by Reuben Abati
Nigerians love events and ceremonies. The engine of governance in fact runs on this special fuel, which in many ways has become an occasional excuse for waste and idleness. I have in the course of work attended and compered many of such events; one thing that I find curious is the obsession with acknowledgements. If you are the compere at any typical Nigerian event, the organizers are bound to give you what they call a protocol list, usually a long list of persons whose presence must be acknowledged. You are also expected to recognize persons, especially if they are government officials, according to an established ranking order.
This means you can’t recognize a Member of a State House of Assembly before a Member of the House of Representatives, and you can’t “acknowledge the presence (as it were) of” a Minister before a Senator. Any slight mix up is likely to fetch you a reprimand and complaints about how you are such an insensitive compere who wants to ruin an event that had been so well planned. Getting the pecking social order right is not even enough, you must be politically correct when you deploy such egoistic phrases as Your Excellency, The Distinguished, The Most Honourable, Your Honour, Your Worship, My Lord, Your Grace, Your Eminence…Only God knows what these honorifics do to the Nigerian big man or big woman’s mind. When you get it right, you can see the person actually believing the myth about he or she being so excellent, distinguished or honourable. Some would even rise and wave to the crowd.
The institutionalized flattery involved, is of course not limited to the special guests, sorry special guests of honour (!) who occupy the high table, or the top table, or better still, the reserved table. Other guests also have to be introduced. The rule is never to overlook any important person. If it is a government or corporate event, nearly everybody is important. If certain persons are mistakenly overlooked, they would insist on sending their personal assistants to the compere to remind him or her of how a grave error has been committed. Some would send their business cards, or a note or summon the compere to their table to register not a complaint but a protest!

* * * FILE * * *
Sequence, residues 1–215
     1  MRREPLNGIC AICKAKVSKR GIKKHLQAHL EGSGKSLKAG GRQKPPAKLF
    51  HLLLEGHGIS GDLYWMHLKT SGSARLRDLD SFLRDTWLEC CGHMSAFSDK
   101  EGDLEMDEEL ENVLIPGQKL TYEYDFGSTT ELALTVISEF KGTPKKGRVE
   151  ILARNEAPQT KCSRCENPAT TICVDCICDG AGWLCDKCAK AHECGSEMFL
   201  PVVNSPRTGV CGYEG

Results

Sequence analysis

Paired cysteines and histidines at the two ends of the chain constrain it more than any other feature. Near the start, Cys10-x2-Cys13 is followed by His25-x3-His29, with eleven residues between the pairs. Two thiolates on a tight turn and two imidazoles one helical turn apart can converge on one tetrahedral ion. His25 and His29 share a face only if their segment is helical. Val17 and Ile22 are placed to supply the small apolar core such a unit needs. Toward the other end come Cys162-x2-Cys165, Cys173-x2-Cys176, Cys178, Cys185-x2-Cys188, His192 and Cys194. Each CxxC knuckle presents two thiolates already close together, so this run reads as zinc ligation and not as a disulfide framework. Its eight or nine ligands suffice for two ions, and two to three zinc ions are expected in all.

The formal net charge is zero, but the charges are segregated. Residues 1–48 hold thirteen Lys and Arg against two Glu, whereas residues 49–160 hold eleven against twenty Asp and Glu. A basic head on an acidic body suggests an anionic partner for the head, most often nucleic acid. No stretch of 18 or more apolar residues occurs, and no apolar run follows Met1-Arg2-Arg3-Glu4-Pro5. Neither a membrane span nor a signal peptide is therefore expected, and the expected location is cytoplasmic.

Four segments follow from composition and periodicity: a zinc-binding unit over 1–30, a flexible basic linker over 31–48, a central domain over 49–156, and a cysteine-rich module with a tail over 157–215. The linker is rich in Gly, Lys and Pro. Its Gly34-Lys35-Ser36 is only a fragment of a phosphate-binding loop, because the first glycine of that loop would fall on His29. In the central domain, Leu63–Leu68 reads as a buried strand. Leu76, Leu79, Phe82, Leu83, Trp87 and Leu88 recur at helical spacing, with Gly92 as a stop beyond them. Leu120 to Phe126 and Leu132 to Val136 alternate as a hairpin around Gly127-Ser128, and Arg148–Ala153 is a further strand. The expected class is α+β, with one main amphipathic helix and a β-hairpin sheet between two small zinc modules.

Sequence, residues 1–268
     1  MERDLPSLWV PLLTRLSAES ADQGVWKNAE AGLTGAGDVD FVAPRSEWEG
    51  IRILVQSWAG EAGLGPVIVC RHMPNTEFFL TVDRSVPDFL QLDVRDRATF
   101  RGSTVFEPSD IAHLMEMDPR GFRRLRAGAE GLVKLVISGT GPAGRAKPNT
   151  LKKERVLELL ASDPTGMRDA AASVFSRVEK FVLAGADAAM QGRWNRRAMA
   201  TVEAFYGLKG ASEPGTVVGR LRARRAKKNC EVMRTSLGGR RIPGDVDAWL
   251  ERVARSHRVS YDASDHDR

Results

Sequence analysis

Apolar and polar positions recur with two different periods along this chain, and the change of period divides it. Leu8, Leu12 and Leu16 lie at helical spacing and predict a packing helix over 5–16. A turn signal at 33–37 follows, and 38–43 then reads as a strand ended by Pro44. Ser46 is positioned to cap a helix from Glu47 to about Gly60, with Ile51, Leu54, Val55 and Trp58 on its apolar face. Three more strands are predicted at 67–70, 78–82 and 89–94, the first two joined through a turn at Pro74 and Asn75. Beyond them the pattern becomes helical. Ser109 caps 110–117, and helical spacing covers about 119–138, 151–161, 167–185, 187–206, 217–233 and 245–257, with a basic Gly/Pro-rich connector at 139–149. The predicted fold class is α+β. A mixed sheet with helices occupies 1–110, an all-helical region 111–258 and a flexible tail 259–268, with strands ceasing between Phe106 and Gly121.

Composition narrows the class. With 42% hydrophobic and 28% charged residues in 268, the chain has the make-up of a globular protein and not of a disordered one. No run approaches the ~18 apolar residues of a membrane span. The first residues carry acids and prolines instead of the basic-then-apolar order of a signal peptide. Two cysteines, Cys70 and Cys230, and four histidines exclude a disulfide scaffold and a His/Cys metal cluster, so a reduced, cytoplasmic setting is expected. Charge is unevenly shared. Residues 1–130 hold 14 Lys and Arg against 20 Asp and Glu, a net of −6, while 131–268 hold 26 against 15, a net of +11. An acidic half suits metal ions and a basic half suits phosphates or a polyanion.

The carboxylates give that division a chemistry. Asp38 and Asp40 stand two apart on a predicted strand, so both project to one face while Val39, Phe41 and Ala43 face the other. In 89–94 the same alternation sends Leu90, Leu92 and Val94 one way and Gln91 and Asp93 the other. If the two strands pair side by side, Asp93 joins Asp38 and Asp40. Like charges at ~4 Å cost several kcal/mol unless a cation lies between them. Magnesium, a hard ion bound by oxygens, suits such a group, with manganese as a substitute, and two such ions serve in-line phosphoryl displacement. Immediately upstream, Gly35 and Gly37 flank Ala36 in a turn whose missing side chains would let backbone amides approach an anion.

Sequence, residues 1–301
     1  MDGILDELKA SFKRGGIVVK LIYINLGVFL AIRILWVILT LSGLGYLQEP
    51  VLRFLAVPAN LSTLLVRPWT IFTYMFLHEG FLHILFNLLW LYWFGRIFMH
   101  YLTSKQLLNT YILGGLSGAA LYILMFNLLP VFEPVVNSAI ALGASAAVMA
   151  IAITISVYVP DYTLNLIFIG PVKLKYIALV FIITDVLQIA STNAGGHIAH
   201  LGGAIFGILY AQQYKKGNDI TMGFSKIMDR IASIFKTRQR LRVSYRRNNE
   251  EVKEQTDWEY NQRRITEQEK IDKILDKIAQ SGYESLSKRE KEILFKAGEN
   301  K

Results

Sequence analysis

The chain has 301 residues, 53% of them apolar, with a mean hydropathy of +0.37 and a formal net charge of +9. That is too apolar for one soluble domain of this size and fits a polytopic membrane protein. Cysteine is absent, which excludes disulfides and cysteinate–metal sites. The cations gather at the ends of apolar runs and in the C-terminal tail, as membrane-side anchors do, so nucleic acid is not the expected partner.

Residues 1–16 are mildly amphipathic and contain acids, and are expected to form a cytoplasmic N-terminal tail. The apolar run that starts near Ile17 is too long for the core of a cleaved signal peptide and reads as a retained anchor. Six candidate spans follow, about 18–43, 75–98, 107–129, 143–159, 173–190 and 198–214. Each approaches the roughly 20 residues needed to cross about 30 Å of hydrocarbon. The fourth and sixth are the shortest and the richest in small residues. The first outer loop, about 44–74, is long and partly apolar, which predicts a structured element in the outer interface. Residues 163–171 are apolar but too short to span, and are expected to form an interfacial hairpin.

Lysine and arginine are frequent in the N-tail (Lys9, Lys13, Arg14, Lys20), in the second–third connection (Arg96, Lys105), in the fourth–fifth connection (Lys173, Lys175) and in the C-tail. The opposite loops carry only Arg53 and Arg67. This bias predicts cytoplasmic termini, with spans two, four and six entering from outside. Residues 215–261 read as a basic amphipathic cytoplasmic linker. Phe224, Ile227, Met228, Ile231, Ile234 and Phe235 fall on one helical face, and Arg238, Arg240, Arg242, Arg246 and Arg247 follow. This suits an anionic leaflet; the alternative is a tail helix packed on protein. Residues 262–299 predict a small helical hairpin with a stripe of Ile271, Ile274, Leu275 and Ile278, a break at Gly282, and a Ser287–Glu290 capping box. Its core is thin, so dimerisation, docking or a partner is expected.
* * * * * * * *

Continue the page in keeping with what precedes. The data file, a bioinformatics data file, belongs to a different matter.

Indeed, being a master of ceremony at a Nigerian event could be the ultimate test of humility and human patience. I once introduced a certain VIP as Chief XYZ. I was summoned and reprimanded. “He is not a Chief, but a High Chief”, he said. Correction taken, apology offered. “It is now my pleasure to introduce once more High Chief XYZ, the whatever 1 of anywhere.” The man grinned cheerfully. His retinue of assistants applauded so loudly, you would think the event was all about him. There certainly must be something special about being a High Chief; ordinary Chiefs, I guess, must be less human. But consider this: on another occasion, I mistakenly referred to another VIP as a Chief. The man sent for me, and whispered into my ears: “next time you call me a Chief, I’ll sue you, only unserious people go about saying they are Chief this and Chief that. I have never taken a chieftaincy title in my life; I am simply Mister. You understand?” Yes, sir!
Again, apologies tendered. I went back to the microphone to introduce the Mister properly, cleverly leaving out his anti-chieftaincy commentary. But how do you deal with royalty? Now that many Nigerians act and behave like Republicans, traditional rulers and the royalty have also learnt to leave the comfort of their palaces to hustle like other Nigerians on the streets, and so, you can’t miss royal presence at most events. But there is a challenge, acknowledging them. You have to know who is His Royal Highness or which traditional ruler is better addressed as His Royal Majesty.
To play safe, it is always advisable to refer to every traditional ruler as His Royal Majesty. It doesn’t matter if the man is a common village head. The word “Royal” is where the magic lies. Leave it out, and you’d have palace jesters rushing to you to insist you emphasize that special phrase. To get the protocol right, the titles of female guests of honour must also be properly mentioned, the problem is knowing who is what: Yeye, Erelu, Lolo, Alhaja, Hajia, Dame, Mrs, Miss or Ms. And there is at least one female VIP who objects to any young compere mentioning her first name: she says that is rude! “I am old enough to be your mum, and you know my dear, we are Africans!” Etiquette lesson taken: “Sorry Ma.” Not to talk of the Igwes. the Knights of numerous Saints, the Otunbas and holders of honorary degrees who insist on being addressed as “Dr.”